Attorney General William BarrWilliam Pelham BarrPennsylvania Democrat says US Attorney’s Office should prioritize opioids rather than ‘Russian propaganda’ from Giuliani President Trump’s assault on checks and balances: Five acts in four weeks The Hill’s Morning Report – Sanders steamrolls to South Carolina primary, Super Tuesday MORE has named a new head of the Federal Bureau of Prisons after the bureau reorganized following Jeffrey Epstein’s death.
Barr announced Tuesday that Michael Carvajal will become the new director of the bureau, replacing Kathy Hawk Sawyer, whom Barr asked to step in after Epstein was found dead in his New York jail cell.
Carvajal, who joined the Federal Bureau of Prisons in 1992, currently serves as the assistant director of the department’s correctional programs division, making him responsible for the bureau’s intelligence efforts, the Witness Security and Victim-Witness Programs and inmate transportation, among other duties.
“Michael’s nearly 30 years of experience with the Bureau will serve him exceptionally well as he takes on these new responsibilities, and I am confident he will do an outstanding job as director,” Barr said in a statement.
“I want to thank Kathy Hawk Sawyer for her exceptional leadership and helping us identify a highly qualified individual to serve as permanent director,” he added.
Hawk Sawyer, who had served as the director from 1992 to 2003, didn’t intend to stay permanently but fulfilled an acting role to stabilize the bureau after Epstein’s death and after Barr removed the previous acting director. She will now act as a senior adviser.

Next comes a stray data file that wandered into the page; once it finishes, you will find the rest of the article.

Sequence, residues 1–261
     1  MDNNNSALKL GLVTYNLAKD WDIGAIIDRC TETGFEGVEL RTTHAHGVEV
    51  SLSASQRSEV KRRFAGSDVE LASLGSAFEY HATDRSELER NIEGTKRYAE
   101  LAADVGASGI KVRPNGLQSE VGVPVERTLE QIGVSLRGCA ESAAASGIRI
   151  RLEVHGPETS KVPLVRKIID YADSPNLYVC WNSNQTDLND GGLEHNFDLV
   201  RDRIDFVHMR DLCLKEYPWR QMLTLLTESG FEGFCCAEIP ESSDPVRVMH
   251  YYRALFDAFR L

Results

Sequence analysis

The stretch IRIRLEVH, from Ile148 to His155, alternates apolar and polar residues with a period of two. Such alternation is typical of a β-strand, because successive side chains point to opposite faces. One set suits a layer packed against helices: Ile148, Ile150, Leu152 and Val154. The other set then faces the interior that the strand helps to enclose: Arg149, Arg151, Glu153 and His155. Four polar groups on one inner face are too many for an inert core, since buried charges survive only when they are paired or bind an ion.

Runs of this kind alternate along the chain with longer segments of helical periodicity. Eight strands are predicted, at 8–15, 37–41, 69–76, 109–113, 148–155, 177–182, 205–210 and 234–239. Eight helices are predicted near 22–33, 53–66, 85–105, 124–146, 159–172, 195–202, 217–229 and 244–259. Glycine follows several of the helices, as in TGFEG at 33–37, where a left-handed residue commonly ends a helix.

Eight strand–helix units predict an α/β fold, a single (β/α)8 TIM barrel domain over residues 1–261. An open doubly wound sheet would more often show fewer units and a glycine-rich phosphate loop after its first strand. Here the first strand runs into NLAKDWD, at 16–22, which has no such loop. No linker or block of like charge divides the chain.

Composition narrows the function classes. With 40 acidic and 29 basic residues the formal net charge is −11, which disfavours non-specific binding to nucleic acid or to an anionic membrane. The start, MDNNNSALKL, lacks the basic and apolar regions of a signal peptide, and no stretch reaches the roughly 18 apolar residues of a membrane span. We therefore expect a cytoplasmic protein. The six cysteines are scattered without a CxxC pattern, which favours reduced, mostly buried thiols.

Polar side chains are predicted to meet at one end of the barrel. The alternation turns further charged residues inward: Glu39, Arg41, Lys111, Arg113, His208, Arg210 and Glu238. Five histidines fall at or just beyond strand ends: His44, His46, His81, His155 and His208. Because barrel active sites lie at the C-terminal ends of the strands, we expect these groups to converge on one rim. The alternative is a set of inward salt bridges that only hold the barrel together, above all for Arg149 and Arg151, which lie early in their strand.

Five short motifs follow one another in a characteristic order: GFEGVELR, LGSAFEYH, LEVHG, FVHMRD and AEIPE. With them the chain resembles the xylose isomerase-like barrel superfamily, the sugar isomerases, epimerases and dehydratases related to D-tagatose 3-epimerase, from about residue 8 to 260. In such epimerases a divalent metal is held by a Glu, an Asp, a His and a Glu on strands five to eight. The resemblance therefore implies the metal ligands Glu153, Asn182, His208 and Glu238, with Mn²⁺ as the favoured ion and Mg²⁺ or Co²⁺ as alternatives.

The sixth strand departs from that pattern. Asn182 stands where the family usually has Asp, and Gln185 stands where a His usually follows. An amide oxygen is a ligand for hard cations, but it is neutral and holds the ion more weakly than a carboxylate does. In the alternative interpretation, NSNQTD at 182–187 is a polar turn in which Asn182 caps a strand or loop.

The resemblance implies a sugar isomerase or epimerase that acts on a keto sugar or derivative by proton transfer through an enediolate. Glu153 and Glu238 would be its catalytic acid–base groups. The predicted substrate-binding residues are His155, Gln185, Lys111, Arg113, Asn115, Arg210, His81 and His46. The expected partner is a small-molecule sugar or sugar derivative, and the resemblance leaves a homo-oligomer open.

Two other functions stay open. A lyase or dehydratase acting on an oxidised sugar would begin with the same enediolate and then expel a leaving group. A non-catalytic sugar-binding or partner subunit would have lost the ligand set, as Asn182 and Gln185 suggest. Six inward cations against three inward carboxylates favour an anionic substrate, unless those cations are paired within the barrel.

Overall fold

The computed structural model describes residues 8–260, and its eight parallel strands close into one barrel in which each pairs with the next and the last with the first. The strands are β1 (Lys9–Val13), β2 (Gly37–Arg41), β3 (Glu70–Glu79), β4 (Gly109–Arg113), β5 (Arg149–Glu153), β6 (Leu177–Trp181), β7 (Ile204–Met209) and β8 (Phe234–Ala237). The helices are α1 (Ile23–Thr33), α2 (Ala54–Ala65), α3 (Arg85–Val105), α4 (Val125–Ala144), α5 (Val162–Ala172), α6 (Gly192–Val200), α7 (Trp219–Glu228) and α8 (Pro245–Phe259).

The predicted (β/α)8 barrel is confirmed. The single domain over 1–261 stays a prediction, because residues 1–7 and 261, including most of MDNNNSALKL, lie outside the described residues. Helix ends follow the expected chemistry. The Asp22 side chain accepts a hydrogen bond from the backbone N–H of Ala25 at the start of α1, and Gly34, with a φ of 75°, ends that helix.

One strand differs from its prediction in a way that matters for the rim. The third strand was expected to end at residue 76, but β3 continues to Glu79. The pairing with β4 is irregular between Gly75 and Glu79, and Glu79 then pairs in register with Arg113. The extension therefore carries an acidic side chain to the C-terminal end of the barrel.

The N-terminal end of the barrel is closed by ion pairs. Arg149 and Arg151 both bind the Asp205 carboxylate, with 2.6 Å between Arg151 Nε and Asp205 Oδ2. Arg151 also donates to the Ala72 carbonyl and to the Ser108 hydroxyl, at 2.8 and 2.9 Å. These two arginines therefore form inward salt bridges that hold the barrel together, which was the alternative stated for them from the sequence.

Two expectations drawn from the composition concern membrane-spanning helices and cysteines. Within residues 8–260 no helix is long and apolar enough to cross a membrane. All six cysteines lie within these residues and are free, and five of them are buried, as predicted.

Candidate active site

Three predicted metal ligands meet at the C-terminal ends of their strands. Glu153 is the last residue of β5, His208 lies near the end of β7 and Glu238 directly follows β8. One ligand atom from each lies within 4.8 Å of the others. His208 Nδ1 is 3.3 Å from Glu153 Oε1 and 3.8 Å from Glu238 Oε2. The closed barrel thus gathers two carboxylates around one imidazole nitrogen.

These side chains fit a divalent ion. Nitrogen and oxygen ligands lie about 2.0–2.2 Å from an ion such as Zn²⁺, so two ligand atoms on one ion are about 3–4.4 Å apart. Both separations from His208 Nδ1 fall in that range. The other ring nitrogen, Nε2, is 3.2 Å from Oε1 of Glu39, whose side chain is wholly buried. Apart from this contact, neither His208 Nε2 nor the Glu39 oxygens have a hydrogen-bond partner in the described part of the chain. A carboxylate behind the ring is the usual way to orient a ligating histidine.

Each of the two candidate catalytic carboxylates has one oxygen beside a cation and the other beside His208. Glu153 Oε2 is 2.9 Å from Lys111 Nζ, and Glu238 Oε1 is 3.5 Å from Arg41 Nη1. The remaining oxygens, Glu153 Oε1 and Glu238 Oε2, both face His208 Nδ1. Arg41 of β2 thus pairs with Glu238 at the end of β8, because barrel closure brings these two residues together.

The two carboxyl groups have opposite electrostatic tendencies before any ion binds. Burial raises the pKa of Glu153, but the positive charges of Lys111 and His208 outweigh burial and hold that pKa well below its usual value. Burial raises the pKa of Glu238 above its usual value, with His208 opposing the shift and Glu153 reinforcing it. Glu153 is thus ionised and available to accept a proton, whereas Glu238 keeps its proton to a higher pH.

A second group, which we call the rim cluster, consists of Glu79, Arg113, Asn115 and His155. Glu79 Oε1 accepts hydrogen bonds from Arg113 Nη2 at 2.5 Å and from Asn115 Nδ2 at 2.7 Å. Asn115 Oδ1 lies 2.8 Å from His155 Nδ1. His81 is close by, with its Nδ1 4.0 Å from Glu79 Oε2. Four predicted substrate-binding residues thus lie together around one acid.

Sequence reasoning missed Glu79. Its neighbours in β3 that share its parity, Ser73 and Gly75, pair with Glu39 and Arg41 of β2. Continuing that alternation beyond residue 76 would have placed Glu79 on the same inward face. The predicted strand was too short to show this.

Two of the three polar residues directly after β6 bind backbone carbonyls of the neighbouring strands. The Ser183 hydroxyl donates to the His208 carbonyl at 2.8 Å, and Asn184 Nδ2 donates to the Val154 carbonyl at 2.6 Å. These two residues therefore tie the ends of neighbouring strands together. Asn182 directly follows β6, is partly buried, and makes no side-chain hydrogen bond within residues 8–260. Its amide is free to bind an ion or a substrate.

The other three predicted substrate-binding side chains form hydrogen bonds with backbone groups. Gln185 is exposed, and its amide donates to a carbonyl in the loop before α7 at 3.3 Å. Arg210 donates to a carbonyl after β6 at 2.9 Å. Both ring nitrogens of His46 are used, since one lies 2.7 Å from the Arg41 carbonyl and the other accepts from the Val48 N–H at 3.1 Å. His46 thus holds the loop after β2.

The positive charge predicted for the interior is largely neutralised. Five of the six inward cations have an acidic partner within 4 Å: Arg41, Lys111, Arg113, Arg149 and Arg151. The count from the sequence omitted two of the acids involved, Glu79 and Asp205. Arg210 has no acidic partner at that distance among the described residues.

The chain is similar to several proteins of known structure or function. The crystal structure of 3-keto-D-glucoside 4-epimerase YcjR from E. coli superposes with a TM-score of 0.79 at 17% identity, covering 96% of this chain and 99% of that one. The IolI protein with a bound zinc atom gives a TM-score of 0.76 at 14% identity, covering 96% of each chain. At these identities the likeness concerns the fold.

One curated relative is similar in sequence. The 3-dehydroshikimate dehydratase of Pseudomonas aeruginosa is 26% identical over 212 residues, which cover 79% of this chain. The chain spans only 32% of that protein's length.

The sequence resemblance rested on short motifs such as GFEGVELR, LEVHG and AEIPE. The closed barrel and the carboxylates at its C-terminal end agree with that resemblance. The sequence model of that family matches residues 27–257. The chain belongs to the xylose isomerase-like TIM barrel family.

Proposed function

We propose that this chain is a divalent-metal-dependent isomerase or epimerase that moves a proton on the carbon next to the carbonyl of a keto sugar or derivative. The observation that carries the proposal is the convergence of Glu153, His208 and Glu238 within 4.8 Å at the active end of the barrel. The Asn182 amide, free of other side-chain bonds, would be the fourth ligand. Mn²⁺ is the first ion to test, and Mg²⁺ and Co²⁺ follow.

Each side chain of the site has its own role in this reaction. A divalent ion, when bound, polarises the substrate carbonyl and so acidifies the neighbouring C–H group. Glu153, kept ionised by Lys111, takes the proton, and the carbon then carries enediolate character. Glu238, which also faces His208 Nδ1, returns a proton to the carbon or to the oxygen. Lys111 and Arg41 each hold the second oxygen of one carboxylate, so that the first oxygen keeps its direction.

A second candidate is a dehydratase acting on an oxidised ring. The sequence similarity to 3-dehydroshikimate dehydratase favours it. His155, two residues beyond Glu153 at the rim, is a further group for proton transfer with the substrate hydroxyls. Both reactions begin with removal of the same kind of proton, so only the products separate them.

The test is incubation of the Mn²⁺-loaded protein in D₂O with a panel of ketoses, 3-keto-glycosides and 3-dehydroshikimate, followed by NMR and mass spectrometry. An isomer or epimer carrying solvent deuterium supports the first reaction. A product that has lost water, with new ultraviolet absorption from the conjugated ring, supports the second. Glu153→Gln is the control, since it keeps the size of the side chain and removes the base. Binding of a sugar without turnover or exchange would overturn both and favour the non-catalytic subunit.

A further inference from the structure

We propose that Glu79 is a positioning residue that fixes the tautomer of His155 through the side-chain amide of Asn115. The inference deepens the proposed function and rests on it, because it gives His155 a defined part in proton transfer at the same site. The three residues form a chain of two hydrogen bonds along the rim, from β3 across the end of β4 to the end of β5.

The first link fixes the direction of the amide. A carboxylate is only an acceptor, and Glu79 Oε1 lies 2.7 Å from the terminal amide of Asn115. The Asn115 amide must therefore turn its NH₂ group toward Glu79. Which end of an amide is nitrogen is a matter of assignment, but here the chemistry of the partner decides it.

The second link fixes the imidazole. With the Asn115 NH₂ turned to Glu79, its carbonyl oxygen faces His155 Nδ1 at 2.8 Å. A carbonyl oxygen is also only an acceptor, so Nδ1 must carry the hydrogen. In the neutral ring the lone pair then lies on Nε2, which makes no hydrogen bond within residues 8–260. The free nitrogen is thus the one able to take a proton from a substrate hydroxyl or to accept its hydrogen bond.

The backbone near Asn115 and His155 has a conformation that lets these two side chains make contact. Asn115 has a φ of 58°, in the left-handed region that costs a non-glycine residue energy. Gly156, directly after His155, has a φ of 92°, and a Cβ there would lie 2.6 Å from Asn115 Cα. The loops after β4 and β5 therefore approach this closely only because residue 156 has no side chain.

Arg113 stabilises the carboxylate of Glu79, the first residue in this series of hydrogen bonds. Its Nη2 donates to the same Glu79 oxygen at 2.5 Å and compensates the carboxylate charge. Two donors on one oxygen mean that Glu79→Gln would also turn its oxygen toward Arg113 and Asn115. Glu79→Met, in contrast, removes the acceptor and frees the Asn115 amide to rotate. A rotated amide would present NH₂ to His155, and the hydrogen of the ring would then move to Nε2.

Senior Justice Department officials told The Associated Press that the bureau is better prepared to implement President TrumpDonald John TrumpTrump suggests Sotomayor, Ginsburg should have to recuse themselves on ‘Trump related’ cases Sanders says idea he can’t work with Republicans is ‘total nonsense’ Sanders releases list of how to pay for his proposals MORE’s criminal reform legislation after Hawk Sawyer’s tenure.
Epstein’s death thrust the bureau, which had been dealing with staff shortages and violence for years, into the spotlight.
The disgraced financier was found dead in his cell in August in an apparent suicide, as he was awaiting trial for sexually abusing and trafficking minors.
Two correctional guards, who were tasked with checking on Epstein the night he died, have pleaded not guilty to charges that they lied on prison records to say they checked on him when they allegedly didn’t.